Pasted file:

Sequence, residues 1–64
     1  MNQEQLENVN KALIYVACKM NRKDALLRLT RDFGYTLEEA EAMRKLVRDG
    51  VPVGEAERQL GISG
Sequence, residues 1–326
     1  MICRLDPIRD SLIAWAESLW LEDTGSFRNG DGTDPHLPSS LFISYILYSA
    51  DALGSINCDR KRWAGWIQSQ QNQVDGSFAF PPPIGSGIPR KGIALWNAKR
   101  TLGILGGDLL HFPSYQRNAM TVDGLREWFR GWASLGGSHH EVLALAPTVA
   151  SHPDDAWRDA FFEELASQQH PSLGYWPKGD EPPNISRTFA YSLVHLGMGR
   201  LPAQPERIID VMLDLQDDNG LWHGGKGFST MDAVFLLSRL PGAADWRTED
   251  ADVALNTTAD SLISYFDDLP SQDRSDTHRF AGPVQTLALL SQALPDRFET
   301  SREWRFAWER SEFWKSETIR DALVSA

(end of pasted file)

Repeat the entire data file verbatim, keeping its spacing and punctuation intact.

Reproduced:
Sequence, residues 1–64
     1  MNQEQLENVN KALIYVACKM NRKDALLRLT RDFGYTLEEA EAMRKLVRDG
    51  VPVGEAERQL GISG
Sequence, residues 1–326
     1  MICRLDPIRD SLIAWAESLW LEDTGSFRNG DGTDPHLPSS LFISYILYSA
    51  DALGSINCDR KRWAGWIQSQ QNQVDGSFAF PPPIGSGIPR KGIALWNAKR
   101  TLGILGGDLL HFPSYQRNAM TVDGLREWFR GWASLGGSHH EVLALAPTVA
   151  SHPDDAWRDA FFEELASQQH PSLGYWPKGD EPPNISRTFA YSLVHLGMGR
   201  LPAQPERIID VMLDLQDDNG LWHGGKGFST MDAVFLLSRL PGAADWRTED
   251  ADVALNTTAD SLISYFDDLP SQDRSDTHRF AGPVQTLALL SQALPDRFET
   301  SREWRFAWER SEFWKSETIR DALVSA